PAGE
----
Beginning with fighting back against the 'elitist' claim emanating from San Francisco, and passing through denunciation of Reverend Wright and the wearing of flag pins, Obama has steadily engaged in regression to the mean, playing into the contrived opposition to an 'elitist' President. Whereas his initial answer to the Reverend Wright controversy, as well as his aversion to hollow symbols of patriotism exhibited a willingness to apply basic intellectual principles to his politics, all actions taken since have played directly into the hands of those who profit from keeping campaigning as low-brow and absent of content as possible.

Republicans have long played off the idea that Americans want a President who's one of us, and strangely enough Americans don't feel the slightest bit patronized by that position, willfully lapping up a President who clears brush on a ranch he bought as a campaign prop and looking with scorn on those effete, intellectual snobs on the left. An outside observer of American politics might very well assume that things should be the other way around.

Enter the most recent issue of The New Yorker, which features a caricature of the various smear campaigns used against the Obamas to paint them as radicals or, worse, some sort of Manchurian candidate sent to sabotage our very system. There's no point in addressing those campaigns on their merits, as anyone swayed by them is not particularly susceptible to rational thought. However, it should have been evident from the outset that the cover was meant as satire, especially given the fact that it graced the cover of a magazine surely no big fan of McCain.

The Obama campaign's response seals its fate as standard political fare:

"The New Yorker may think, as one of their staff explained to us, that their cover is a satirical lampoon of the caricature Sen. Obama's right-wing critics have tried to create. But most readers will see it as tasteless and offensive. And we agree," Obama campaign spokesman Bill Burton said.

And with that, Obama stated conclusively that whatever indications he gave in the early campaign season that he was willing to supply the political arena with even the barest of intellectually-robust arguments have fallen aside in favor of the usual hand-wringing and faux outrage.

This is what passes for a campaign season these days. We just bounce back and forth between which surrogate said which stupid thing today, until finally everyone illustrates they're completely incapable of grasping even the most blatant forms of satire. All the while, Iraq, Afghanistan and the American economy still burn.


He Who Speaks for the People, April 17
Newsbusters Loses Its Mind, June 30

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Monday, July 14, 2008

Iraqi SOFA: Out on the Curb?

Even given the enormous and egregious breeches of Iraqi sovereignty that the SOFA the US was trying to force on the Maliki government contained, I must say that I'm surprised--and impressed--that the Iraqis have held up as well as it seems they have, with the Washington Post reporting that a long-term deal may be all but dead.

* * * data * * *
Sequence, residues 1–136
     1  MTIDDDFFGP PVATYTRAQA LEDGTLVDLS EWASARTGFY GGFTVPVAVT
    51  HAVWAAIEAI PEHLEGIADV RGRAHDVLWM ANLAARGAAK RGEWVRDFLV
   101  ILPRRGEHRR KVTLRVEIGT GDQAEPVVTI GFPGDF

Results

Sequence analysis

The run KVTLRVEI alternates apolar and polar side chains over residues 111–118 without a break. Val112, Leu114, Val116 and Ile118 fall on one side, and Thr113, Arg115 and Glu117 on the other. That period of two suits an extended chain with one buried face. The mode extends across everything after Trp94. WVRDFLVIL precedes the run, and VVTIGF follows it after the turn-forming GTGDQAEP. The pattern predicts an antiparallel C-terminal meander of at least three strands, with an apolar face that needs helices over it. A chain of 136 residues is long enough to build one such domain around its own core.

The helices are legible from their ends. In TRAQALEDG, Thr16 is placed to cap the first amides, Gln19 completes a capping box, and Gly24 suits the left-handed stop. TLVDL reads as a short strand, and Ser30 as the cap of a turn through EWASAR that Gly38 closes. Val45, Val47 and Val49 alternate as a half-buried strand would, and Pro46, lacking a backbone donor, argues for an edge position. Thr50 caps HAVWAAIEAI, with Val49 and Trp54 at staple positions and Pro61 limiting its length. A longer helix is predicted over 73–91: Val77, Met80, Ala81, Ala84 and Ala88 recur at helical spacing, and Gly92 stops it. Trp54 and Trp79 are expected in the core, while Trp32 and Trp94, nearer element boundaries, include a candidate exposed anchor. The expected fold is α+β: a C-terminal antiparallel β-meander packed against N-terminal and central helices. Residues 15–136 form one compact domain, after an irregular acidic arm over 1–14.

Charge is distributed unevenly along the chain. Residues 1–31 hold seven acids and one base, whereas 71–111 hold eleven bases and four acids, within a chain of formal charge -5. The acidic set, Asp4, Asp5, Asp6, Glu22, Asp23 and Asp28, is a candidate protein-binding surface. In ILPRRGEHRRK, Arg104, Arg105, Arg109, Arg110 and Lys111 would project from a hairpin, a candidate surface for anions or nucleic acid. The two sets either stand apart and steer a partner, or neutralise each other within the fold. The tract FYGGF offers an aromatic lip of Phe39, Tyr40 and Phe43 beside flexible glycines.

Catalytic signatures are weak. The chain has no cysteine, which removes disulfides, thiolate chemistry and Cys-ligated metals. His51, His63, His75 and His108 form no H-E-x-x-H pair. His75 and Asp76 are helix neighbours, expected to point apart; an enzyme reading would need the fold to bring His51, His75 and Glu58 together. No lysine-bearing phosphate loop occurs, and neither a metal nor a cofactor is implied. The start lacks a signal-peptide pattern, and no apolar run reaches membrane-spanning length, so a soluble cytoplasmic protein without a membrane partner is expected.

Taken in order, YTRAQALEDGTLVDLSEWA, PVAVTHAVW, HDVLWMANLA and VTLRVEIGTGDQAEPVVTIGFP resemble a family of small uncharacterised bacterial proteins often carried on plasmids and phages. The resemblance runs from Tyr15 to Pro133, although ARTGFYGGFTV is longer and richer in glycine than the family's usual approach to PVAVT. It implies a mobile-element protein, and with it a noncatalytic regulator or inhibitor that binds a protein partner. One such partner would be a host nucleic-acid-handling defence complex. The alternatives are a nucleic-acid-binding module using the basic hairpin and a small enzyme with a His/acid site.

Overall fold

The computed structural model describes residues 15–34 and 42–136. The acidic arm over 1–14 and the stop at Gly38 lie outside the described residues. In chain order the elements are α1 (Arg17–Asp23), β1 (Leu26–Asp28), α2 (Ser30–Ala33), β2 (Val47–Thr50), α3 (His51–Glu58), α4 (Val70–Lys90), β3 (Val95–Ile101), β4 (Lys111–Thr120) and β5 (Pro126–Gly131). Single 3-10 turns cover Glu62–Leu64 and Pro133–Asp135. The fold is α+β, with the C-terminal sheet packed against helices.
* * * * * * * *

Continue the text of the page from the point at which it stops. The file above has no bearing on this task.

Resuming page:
Really, the only hope Bush and Crocker had of pushing the deal through was without the involvement of either legislature and sans journalistic scrutiny. Once the details of the proposal got out, it was game over. While Bush serves a country with a complacent populace and complicit Congress, Maliki is more beholden to both in his own country. When religious leaders such as al Sistani began coming out in full force against the SOFA, there was no chance he would be able to avoid submission to the legislature, and no chance doing so would result in its adoption.

To recount briefly, the SOFA was essentially a deal wherein the Iraqis would sign up willingly for colonial rule. I say colonial not as a loaded phrase meant to incite, but because under the tenets of the agreement, Iraq would have met every criteria. The US forces would operate completely independent of the Iraqi government, have complete immunity from Iraqi laws, be able to launch attacks from Iraq without notification or permission, and control completely Iraqi airspace. In essence, the exact model of the old British Empire where the Middle East was nominally controlled by locals but was in reality part of British Imperial rule. The British simply found it cheaper to have a third-party do the dirty work.

The SOFA, then, was a signal of how much times have changed. Whereas in Imperial times, the oil was siphoned out without the countries' consent, today the Iraqis are expected to sign their consent for the exact same circumstances. Picture a hangman offering a letter of consent to the condemned while in the noose.

The failure of months of negotiations over the more detailed accord -- blamed on both the Iraqi refusal to accept U.S. terms and the complexity of the task -- deals a blow to the Bush administration's plans to leave in place a formal military architecture in Iraq that could last for years.

The article matter-of-factly blames the failure of the proposal on "the Iraqi refusal to accept US terms," leaving aside any details of those US demands, and for obvious reasons. Those details which are left out, are not simply minor nuances to a larger agreement, but a signing over of Iraqi sovereignty to the US for the indefinite future, not something the Iraqi government, bound by democratic principles, could have signed. The only possibility of success from Bush's perspective, would have been if the Iraqis showed as much disdain for democracy as he does in his own country.

Negotiators expect [the deal] to include a "time horizon," with specific goals for U.S. troop withdrawal from Baghdad and other cities and installations such as the former Saddam Hussein palace that now houses the U.S. Embassy.